RE: [Meditation Society of America] Re: Words of Wisdom by Swami Satchidananda
--- In firstname.lastname@example.org, "Aideen Mckenna" <aideenmck@...> wrote:
> It's a bit of a mind-hurting conundrum for a person practising a Buddhist
> philosophy . Awakening is a goal of sorts but the goal thing goes against
> Buddhism as most understand it. Not clinging, not being attached to the
> concept of a goal is perhaps how to think about it..
> Anyway, mette to all in this lovely Meditation Society on this perfectly
> lovely July day.
It was hot and almost cloudless in the Boston area today, and as I sat without umbrella on crowded Wingaersheek Beach in Gloucester, a line from a plaintive _Peter Grimes_ aria kept going through my mind:
"Who who who who. Who can turn skies back....and begin again?"
That would be good – if we could just do the 11 years of this century over in a less stupid, more mindful way. A.
The Final Straw
You cannot say exactly what will open your mind and when it will happen. The real knowledge or wisdom will not dawn slowly. Once you get it, you have it. If you don't get it, you don't have it. The realization doesn't come little by little. Realization is instantaneous. When will it happen? Nobody can tell you. Even a small, trifling thing could do it.
I will tell you a story about a saint named Patinatar. His father was a very rich man who had made a lot of money from shipping and other businesses. The father had seen many saints and sages and had studied a lot, but nothing had opened his mind to the Truth. He repeated his mantra regularly, performed religious rituals, did all the spiritual practices, but wisdom didn't dawn in him. One day he asked his son, Patinatar, to take his ship and go buy some merchandise. Patinatar went to an island and saw the poor people there. He spent all the money, millions of dollars, on helping these people. Patinatar realized that he couldn't go home with an empty ship, so he filled the entire ship with cow dung cakes, which were probably worth a hundred dollars or less. Then he sailed home.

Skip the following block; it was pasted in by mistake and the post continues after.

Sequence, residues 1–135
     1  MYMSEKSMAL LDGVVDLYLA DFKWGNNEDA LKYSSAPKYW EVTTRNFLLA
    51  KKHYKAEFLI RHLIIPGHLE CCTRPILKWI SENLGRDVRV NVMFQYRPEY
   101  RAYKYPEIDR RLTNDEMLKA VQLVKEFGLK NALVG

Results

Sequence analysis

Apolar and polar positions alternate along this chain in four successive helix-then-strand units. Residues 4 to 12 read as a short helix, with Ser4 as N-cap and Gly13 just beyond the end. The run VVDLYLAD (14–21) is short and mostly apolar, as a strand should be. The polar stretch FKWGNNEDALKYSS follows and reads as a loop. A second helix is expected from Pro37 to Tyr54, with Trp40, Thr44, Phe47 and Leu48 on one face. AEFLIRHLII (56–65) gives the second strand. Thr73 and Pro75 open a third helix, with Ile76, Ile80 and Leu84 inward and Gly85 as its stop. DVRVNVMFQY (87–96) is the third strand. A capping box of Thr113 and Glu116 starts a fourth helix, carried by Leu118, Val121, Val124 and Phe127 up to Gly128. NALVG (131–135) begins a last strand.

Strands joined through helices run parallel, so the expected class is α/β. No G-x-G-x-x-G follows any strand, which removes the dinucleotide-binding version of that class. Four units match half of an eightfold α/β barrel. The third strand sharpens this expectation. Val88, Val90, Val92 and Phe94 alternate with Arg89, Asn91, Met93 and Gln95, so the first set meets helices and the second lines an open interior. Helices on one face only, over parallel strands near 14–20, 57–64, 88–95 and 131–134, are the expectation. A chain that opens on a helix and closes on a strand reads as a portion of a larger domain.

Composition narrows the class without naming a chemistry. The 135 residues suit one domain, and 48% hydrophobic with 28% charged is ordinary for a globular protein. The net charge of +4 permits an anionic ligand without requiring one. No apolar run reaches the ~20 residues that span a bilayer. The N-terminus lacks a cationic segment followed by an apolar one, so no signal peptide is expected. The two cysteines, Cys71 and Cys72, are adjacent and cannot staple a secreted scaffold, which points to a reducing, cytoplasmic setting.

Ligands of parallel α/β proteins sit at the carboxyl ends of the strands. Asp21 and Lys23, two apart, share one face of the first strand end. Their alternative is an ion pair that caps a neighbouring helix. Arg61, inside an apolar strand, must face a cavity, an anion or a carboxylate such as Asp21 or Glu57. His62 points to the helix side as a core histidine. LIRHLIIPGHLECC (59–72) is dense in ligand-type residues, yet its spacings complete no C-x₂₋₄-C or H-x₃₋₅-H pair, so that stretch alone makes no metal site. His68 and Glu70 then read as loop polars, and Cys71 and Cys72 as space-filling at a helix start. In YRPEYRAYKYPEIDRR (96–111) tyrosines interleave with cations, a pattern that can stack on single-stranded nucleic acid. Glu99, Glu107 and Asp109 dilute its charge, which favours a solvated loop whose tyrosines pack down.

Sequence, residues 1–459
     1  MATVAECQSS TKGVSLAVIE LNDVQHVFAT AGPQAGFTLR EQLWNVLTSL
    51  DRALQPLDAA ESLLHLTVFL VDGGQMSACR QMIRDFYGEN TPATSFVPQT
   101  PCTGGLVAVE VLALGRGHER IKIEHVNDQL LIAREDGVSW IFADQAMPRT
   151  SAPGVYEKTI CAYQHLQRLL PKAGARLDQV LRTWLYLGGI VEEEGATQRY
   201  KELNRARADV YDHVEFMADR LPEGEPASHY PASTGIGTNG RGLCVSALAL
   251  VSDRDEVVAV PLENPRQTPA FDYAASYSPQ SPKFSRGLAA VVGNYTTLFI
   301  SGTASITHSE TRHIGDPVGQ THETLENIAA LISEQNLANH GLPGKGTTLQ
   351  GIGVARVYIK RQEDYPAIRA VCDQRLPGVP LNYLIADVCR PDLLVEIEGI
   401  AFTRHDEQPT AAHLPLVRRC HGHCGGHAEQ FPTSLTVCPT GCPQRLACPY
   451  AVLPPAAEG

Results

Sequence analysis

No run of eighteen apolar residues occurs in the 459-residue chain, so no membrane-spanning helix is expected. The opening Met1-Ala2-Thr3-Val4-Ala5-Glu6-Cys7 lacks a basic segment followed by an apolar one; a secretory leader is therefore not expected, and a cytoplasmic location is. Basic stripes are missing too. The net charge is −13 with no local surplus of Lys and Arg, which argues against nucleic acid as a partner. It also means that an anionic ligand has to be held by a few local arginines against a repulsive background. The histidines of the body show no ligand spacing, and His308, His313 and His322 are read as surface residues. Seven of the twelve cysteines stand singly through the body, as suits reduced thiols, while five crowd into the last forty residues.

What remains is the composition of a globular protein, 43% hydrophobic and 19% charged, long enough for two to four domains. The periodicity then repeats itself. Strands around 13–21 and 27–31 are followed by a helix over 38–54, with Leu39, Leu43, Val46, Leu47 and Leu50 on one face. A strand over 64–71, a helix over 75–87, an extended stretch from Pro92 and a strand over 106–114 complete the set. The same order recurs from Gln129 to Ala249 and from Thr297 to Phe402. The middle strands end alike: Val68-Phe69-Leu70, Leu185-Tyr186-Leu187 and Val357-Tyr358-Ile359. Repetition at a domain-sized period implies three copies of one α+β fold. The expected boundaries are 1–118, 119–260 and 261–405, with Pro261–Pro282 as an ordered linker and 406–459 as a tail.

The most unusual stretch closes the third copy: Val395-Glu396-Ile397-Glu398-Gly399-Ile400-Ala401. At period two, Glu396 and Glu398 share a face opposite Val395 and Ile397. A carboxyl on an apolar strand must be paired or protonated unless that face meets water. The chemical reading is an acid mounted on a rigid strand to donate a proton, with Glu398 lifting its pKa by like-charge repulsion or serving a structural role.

As soon as the boat arrived, some of the boatmen ran to the father and told him, "Your son has gone crazy. He spent all of your money, and all he came back with is cow dung." The father was so upset that he didn't even want to see his son. When Patinatar arrived at the house, his father was not even there to greet him.
Patinatar gave a small package to his mother and said, "Please give this to my father when he comes. I will see you later." With that, he walked out. When the father came home, he asked, "Where is my son?" His wife told him that Patinatar had come and gone, and gave him the package. When the father opened the package, he found a broken sewing needle and a note. The note said, "Even the eye of a broken needle will not come with you on your final journey." As soon as he read those words, he immediately took off his fancy clothes, put on a loin cloth, said goodbye to his house and his businesses, and walked out. Realization had dawned in him. He had heard many hundreds of stories before, he had read volumes, he knew all the philosophy, but nothing had opened his eyes until he saw these few words.
Realization can dawn with the smallest thing. It doesn't have to be a big blow. That trifling thing is what you call the final straw. Wisdom dawns that way. At any moment, anything could be the last straw for you. Then you are enlightened. Until then, you are still preparing yourself. You are getting ready for that moment.
Om Shanthi, Shanthi, Shanthi